Differences between biologics – both branded and unbranded – and biosimilars are explored by Dr Karara.
Kareem Karara, PharmD, BCPS, CCHP: An interchangeable biosimilar is a biosimilar that can be substituted for the reference product without the intervention of the health care provider who prescribed the reference product. An interchangeable biosimilar is a biologic product that’s biosimilar to the reference product. It can be expected to produce the same clinical result as the reference product in any given patient. For products that are administered more than once—chronic therapies—the risk in terms of safety or diminished efficacy in alternating or switching between the product and its reference product isn’t any greater than the risk of using the reference product without switching at all. For an interchangeable biosimilar, the FDA is going to require specific switch studies to show that it’s interchangeable.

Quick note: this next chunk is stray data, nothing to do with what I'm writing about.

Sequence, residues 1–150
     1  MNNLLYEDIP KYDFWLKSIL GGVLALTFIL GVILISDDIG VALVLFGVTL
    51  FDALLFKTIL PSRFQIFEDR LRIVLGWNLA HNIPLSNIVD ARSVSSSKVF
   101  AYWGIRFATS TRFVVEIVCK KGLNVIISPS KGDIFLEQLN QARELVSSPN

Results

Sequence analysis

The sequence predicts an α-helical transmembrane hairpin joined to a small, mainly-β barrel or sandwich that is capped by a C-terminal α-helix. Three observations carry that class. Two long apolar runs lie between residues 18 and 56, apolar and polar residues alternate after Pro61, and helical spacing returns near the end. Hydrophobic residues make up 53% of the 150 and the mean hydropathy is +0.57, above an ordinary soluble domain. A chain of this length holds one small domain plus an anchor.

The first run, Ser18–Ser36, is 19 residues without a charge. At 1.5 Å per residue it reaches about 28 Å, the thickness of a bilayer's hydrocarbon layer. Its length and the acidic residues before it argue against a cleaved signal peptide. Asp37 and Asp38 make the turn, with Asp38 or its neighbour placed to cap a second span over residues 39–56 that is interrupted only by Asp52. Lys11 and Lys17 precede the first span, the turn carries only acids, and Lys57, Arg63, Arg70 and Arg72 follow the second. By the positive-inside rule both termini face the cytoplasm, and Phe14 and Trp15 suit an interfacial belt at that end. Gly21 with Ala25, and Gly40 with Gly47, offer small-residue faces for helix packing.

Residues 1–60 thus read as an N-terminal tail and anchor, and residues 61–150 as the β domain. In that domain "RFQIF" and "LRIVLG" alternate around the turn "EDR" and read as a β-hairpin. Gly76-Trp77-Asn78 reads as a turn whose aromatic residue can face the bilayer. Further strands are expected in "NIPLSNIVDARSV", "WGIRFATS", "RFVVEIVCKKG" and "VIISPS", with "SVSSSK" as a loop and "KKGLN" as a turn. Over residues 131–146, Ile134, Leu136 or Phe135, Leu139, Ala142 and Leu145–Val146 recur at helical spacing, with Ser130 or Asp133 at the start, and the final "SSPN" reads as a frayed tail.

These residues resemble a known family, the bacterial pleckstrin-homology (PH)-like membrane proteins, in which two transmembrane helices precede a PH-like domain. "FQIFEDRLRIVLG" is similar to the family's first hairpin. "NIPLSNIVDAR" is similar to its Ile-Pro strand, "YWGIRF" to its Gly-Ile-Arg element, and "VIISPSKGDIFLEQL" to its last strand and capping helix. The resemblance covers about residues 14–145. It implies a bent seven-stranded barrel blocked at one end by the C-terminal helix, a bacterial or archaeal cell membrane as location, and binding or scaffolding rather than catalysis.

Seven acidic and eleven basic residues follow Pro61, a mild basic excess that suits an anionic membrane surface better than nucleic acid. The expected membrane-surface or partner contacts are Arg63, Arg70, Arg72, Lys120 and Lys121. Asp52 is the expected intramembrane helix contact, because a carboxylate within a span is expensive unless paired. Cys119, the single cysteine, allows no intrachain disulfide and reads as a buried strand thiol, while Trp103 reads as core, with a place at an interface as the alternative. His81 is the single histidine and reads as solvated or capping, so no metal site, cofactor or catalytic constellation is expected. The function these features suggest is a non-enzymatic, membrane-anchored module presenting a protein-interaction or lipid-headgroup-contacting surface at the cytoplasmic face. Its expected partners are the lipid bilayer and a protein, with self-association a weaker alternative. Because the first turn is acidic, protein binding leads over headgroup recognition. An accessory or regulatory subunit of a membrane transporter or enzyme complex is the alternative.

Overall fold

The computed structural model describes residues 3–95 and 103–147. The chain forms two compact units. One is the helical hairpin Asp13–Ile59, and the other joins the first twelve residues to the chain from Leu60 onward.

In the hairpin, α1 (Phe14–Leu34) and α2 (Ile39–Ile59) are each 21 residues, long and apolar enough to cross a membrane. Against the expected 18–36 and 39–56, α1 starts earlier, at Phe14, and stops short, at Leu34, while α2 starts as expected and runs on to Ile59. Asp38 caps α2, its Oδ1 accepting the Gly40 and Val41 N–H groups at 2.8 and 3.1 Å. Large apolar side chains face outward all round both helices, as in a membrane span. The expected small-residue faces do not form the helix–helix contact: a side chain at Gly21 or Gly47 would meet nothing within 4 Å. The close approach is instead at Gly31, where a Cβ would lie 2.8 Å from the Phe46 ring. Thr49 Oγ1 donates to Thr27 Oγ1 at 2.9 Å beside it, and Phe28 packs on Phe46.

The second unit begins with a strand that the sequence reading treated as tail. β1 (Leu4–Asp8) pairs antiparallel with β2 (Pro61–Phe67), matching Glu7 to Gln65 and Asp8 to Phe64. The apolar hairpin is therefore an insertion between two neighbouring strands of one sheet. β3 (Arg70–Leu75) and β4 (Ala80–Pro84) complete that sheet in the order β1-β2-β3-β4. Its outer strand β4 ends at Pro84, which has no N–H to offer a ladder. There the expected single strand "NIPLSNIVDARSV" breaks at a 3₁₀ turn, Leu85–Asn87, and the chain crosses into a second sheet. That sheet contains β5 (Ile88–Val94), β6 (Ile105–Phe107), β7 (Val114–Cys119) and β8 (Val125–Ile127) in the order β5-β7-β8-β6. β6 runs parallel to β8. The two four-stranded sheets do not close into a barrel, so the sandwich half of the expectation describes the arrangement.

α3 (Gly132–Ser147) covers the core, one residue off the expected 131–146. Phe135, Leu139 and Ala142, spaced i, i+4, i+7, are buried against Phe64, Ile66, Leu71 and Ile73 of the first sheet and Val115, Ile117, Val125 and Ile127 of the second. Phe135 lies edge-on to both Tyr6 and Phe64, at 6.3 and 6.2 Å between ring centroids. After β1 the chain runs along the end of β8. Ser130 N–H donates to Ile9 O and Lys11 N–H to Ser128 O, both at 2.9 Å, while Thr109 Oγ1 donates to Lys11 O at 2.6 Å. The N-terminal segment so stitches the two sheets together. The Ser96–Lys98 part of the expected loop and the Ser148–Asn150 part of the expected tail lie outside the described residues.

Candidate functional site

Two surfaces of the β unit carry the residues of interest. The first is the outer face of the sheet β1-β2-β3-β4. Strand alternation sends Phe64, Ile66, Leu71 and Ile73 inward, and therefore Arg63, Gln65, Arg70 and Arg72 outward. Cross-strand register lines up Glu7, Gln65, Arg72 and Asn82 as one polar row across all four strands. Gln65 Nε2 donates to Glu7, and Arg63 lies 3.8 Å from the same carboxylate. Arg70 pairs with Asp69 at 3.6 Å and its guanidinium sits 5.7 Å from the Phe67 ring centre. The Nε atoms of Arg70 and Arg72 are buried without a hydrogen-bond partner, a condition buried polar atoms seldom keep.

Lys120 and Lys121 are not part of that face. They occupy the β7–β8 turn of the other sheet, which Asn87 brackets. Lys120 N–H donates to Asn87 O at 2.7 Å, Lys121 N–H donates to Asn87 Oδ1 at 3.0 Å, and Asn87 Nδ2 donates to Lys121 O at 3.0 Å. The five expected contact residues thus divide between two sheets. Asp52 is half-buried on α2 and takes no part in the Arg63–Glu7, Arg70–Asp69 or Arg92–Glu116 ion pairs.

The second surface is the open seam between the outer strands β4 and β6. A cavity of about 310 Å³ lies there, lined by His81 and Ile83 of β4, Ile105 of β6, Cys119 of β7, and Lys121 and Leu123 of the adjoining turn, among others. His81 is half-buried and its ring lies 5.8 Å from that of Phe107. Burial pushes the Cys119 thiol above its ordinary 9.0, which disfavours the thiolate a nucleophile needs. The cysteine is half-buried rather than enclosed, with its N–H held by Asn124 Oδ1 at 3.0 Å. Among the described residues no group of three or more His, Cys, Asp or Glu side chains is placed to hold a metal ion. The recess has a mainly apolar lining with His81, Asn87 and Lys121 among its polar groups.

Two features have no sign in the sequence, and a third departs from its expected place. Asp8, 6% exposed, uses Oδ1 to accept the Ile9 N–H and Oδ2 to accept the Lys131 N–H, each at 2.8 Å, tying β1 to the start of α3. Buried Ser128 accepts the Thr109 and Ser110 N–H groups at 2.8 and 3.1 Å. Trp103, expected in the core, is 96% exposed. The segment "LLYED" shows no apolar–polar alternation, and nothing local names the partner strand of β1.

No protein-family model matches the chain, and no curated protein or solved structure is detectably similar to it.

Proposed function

An unbranded biologic differs from a biosimilar in the following ways: An unbranded biologic is essentially a branded biologic without the brand name on the label, but a biosimilar is different. A biosimilar is highly similar to the reference product, the branded biologic, notwithstanding any minor differences in clinically inactive components of the medication. There are no clinically meaningful differences between the biologic product and the reference product in terms of safety, purity, and potency.
Transcript edited for clarity.